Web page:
Not a huge deal for someone who knows that area well, but certainly a problem for those planning a route in an area that they lack familiarity with. Perhaps even more strange was that when the street names were reversed (i.e. Dupont and Christie), the intersection was recognized immediately. Not only that, after it had been picked up, it didn't matter which order I used (see below).
Update (October 10):
A commenter rightly notes that in the above example "Christie" has been spelled incorrectly (as Christe). This may be the reason why the planner has difficulty locating the intersection, but since originally publishing this post, I've experienced mixed lucked with the planner picking up the street names. Sometimes it does; sometimes it doesn't (see the example with correct spelling below).
The next test was a straightforward one. How well would the planner handle conventional short forms for popular destinations. The results were mixed with this one. Although it didn't recognize the ROM and would only give results for local business around Robarts Library, it had no problem when I used the name SkyDome instead of the Rogers Centre. In the case of the ROM, one need only spell the proper name out in full or add "Toronto" to the description to get the right result (this was true of the AGO and Casa Loma as well), but it would appear that Robarts is not listed (despite the fact that the form auto-completed my entry with "Toronto, Ontario, Canada" when I typed it in).
I'm not sure if this is a huge deal because, again, one can use the business listings to get an accurate route, but my sense is that the user shouldn't really have to do this.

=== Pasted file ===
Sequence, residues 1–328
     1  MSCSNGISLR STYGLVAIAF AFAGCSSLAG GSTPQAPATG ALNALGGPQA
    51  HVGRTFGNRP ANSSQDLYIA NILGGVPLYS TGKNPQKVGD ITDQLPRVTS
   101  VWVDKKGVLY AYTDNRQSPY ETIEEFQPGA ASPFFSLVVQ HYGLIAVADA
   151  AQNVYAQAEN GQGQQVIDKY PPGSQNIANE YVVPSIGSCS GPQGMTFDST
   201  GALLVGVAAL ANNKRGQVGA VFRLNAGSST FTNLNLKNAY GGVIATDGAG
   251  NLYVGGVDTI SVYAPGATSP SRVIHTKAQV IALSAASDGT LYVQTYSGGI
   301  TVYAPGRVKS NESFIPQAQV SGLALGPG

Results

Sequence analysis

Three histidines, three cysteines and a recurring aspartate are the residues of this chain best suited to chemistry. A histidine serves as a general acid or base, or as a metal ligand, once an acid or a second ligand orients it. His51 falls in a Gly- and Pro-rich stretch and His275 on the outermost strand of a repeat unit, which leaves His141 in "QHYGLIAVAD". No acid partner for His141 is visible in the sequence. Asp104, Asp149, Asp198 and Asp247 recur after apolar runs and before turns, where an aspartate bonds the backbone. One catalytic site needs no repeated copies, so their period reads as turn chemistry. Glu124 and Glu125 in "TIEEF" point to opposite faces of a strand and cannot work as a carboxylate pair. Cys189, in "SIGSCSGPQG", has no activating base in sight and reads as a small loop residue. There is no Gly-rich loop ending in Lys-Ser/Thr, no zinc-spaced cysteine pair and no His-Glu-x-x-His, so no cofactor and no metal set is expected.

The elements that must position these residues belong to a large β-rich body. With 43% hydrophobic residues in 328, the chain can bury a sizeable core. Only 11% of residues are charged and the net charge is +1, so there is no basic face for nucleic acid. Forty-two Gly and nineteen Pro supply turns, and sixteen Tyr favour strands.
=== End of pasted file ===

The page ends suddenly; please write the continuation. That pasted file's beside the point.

Another oddity, if not a total weakness, is the planner's apparent elimination of certain infrequent bus routes. Sticking with the starting intersection in the above examples, when leaving from Christie and Dupont, it sometimes makes sense to take the Christie 126 bus south to the Bloor-Danforth subway line. Try as I might, however, I just couldn't give it a scenario in which it recommended this over walking or taking the Dupont 26 to Spadina or St. George Station (the TTC's trip planner, on the other hand, does offer this bus as an option). To some extent this is good. That bus never seems to be on time, and the walk to the station takes roughly 10 minutes. And yet for those who can't or won't walk that distance but need to get to the subway, it should really be on there as an option, even if it takes longer than travelling on foot. It's possible that this is a timing issue, and that there just wasn't a bus within range during when I was hypothetically travelling, but I made four attempts, so I figure this is unlikely.
On the plus side, I was impressed to note that trips departing from Downsview Station to York University were given three options (ranked in order based on speed), one of which is the now free (with proof of TTC payment) VIVA service, which doubles up on the route that the 196 Rocket already takes.
When the details of the TTC partnership with Google is are revealed on Tuesday, it'll be interesting to see if Google's live traffic data will be incorporated into the recommendations for surface routes. But, as far as this first run through the planner goes, the examples above show that despite the promising start, a few minor tweaks would help to improve the existing system.